A comment regarding yesterday's blog: when I found this site a little over a month ago, I just "observed" for a week or so before posting and "going blue". Since limericks were a daily part of the comments then, I naturally "assumed" that they were allowed and/or encouraged. As crossword puzzles often use "play-on-words" as part of the clues/solves, limericks - if done "properly" - are to me, just another way to express ones thoughts about the day's puzzle.

I won't always have a daily limerick - and when I do, I hope it will cause a few smiles and/or groans. I'll try to keep them "clean", but sometimes they're more funny when they're a bit risque . . .

Bill G. said...

This was a challenge for me. I got most of it done by myself but finally turned on red letters when it felt as if I was stuck and taking forever. My only complaint with the cluing was "Is it allowed?" The response should be May I?, not Can I? It would have been easy to fix...

SwampCat said...

Chairman Moe, when Owen first posted his limericks they drew raves from many of us. That apparently caused jealousy and led to yesterday's vitriol. I agree with you, that as crosswords often use plays on words, a good limerick is just another way to comment on the puzzle.

Yellowrocks said...

"Jells" and "crystallizes" do work in the figurative sense. The clue wasn't intended in the scientific sense.
In re: so called obscure words. Many words that we feel are contrived or obscure are just not in our wheelhouses.I am sometimes surprised that words I haven't heard are well known by many others, and words others claim as obscure are well known to me. Usually, but not always, when other bloggers and I wonder about these words I can find examples in many places, such as novels, poems, NYT, Time magazine, newspapers, etc.

In re Alan's MRI of the brain, I was able to schedule an MRA within 10 days on Auguat 11, to rule out an aneurism. That's a relief because that could pose a major problem. However I couldn't get an appointment with the neurologist for almost 8 weeks to rule out or confirm multiple sclerosis, a long time to wait for the other shoe to drop.

Misty said...

Many thanks for the cool and helpful info, Chairman Moe!

Chairman Moe said...

Misty @ 2:26 - my pleasure! BTW, I noticed from your profile that you're originally from Lancaster, PA. I grew up on the opposite side of the Susquehanna in the "White Rose" city. Haven't lived there in over 40 yrs, and no family there now, but I still refer to it as "home" . . .

Chairman Moe said...

OK - a limerick finally came to me:

A lisping, Shakespeareian fellow,
Supported the sponge brand "O-CEL-O";
Of course, you know why;
It's that one he buys:
'Cause to him it sounds just like Othello!!

This is definitely in the "groan" category!!

Anonymous said...

Lemony, I expected you to comment on your venture in Montenegro. I really didn't understand the concept. Would you like to explain it to us?

Lemonade714 said...

I do not believe you can have a group of many thousands of people reading a blog and expect there be no differences of opinions. I do not see jealously, the complaints were I believe about the proliferation of cryptic clues. If any of you would go back and read the blog from 2008 forward you will see that as it has grown there have been varying periods of adjustment and change. The 20 line/5 post rule was a result of posters making the site their own and completely ignoring the puzzle. As with many things in life, it is often a matter of degree. Personally I used to have fun when Seen and others offered alternative crossword clues. On the other hand, none of this should be taken too seriously.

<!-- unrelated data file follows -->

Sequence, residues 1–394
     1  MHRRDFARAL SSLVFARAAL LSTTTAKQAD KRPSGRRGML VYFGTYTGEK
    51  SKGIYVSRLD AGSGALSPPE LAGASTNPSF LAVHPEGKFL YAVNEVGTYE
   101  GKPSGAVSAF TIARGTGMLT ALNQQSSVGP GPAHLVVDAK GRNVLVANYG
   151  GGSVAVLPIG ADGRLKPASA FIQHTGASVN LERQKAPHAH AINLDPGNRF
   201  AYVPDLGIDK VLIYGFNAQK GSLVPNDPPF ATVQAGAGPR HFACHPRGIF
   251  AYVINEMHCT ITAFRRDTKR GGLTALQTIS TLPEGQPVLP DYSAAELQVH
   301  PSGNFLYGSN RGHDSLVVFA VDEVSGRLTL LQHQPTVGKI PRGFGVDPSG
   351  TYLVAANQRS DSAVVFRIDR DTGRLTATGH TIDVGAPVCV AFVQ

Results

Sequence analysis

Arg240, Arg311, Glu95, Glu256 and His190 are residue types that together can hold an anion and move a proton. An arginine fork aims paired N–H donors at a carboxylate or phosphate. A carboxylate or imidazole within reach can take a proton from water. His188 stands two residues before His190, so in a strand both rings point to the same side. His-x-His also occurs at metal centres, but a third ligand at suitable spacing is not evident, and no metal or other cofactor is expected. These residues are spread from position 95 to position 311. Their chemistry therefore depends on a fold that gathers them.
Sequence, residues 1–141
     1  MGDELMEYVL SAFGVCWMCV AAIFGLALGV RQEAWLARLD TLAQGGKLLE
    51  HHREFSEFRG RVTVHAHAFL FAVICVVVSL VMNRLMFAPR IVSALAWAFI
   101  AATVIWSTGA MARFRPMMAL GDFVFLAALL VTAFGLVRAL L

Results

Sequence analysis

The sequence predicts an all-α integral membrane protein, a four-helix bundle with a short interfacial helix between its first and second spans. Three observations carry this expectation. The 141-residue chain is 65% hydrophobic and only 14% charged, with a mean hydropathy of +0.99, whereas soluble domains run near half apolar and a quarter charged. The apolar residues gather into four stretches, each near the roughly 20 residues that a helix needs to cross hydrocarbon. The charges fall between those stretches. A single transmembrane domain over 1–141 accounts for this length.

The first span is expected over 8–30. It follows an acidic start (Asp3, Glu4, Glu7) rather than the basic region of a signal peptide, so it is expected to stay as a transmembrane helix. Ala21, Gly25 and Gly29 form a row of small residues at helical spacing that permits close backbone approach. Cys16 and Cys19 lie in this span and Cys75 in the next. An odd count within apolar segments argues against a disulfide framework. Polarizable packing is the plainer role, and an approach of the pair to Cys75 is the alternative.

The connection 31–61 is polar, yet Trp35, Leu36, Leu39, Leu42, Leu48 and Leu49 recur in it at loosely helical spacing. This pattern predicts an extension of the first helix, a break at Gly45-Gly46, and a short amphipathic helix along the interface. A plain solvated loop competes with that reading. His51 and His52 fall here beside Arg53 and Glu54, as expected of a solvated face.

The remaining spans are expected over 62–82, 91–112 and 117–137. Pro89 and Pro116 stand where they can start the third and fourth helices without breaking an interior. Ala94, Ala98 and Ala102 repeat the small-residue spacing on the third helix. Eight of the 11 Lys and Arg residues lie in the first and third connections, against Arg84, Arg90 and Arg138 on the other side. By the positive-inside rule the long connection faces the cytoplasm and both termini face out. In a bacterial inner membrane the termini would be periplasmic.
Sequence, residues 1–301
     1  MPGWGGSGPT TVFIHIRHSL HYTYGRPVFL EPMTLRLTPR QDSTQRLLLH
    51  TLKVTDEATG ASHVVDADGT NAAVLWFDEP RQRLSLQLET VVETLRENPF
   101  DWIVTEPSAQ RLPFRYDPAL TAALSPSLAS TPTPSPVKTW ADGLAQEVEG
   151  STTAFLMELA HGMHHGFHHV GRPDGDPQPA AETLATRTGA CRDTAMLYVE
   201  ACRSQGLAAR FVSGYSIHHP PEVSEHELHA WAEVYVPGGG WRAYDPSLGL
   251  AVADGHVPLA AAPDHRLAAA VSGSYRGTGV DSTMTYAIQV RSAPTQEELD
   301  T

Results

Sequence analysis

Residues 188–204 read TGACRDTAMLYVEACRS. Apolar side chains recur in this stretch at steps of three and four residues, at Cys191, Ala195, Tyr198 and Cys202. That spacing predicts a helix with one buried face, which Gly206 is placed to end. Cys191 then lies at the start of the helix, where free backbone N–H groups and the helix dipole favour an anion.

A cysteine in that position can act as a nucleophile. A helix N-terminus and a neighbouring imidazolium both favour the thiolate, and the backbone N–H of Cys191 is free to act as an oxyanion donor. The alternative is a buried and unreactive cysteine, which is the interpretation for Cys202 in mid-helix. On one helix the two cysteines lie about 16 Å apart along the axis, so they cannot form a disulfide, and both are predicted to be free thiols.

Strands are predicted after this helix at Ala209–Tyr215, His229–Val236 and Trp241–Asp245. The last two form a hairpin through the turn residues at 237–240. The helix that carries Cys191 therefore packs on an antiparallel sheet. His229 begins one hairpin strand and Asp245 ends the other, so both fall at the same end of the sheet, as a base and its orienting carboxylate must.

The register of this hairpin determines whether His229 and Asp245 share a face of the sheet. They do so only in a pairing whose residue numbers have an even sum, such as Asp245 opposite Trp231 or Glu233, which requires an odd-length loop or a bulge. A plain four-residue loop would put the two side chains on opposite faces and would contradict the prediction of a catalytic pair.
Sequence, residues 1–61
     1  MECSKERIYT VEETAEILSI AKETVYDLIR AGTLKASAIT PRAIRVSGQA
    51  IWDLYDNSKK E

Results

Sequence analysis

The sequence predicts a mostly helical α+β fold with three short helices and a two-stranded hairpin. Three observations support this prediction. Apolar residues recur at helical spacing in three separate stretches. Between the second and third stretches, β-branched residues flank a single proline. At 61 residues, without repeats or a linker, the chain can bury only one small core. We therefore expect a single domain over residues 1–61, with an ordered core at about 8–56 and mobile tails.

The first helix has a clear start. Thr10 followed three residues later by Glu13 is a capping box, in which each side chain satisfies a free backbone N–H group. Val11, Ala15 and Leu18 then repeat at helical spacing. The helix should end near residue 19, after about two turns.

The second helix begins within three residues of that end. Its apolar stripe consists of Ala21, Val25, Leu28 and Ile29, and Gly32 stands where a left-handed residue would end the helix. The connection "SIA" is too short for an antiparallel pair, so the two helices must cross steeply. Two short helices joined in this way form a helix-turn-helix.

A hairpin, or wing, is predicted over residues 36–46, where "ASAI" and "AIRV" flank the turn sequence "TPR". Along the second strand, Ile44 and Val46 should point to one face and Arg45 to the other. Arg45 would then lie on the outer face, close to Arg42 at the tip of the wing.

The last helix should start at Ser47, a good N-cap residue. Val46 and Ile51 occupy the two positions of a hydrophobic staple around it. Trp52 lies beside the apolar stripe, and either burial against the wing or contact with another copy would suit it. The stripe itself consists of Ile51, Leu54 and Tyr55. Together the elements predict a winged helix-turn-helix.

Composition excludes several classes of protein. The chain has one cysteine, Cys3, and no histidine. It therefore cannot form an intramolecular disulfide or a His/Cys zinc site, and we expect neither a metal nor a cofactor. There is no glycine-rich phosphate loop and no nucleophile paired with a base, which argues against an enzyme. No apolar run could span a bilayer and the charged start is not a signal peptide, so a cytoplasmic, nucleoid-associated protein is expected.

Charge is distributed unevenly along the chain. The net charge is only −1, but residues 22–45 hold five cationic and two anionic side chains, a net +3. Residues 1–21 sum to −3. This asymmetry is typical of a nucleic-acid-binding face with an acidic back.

Lemonade714 said...

I am pleased by the continued appearance of new posters; welcome one and all. bear in mind the percentage of readers who comment in tiny. The people who actually read the full write up and comment is also small compared to the hits, but it enough to keep us coming back.

CrossEyedDave said...

The next puzzle that mentions RAF, I will link lots of videos of WWII aircraft. However the next puzzle that mentions "Stoa" will have a lot of boring links about foreign walkways....

Unknown said...

Lemonade, thanks for the "I Would Do Anything For Love" link. While there, I had to watch/listen to "Two Out of Three Ain't Bad" and "Paradise By the Dashboard Light" (they're three of my favorite Meat Loaf songs).

This was a DNF for me. Didn't get JELLS, EHUD, LOAF, SURFS, OH YOU, or KUMAR.

Like some of you, I wanted MAUDE, but it just wouldn't work with LYME. Irish Miss, I saw "Harold and Maude" years ago and loved it.

Lemonade714 said...

Nancy, I agree with your choice of meat loaf. Since he got skinny I have heard nothing.

One man's STOA is another's pin-up.

PK said...

HI Y'all! I like Julian's puzzles and I found this one easier than some Fridays despite some obscure stuff like "natterjacks". Great as usual, Lemonade!

I got a chuckle finding TALC over ODOR since TALC is used to cover ODOR.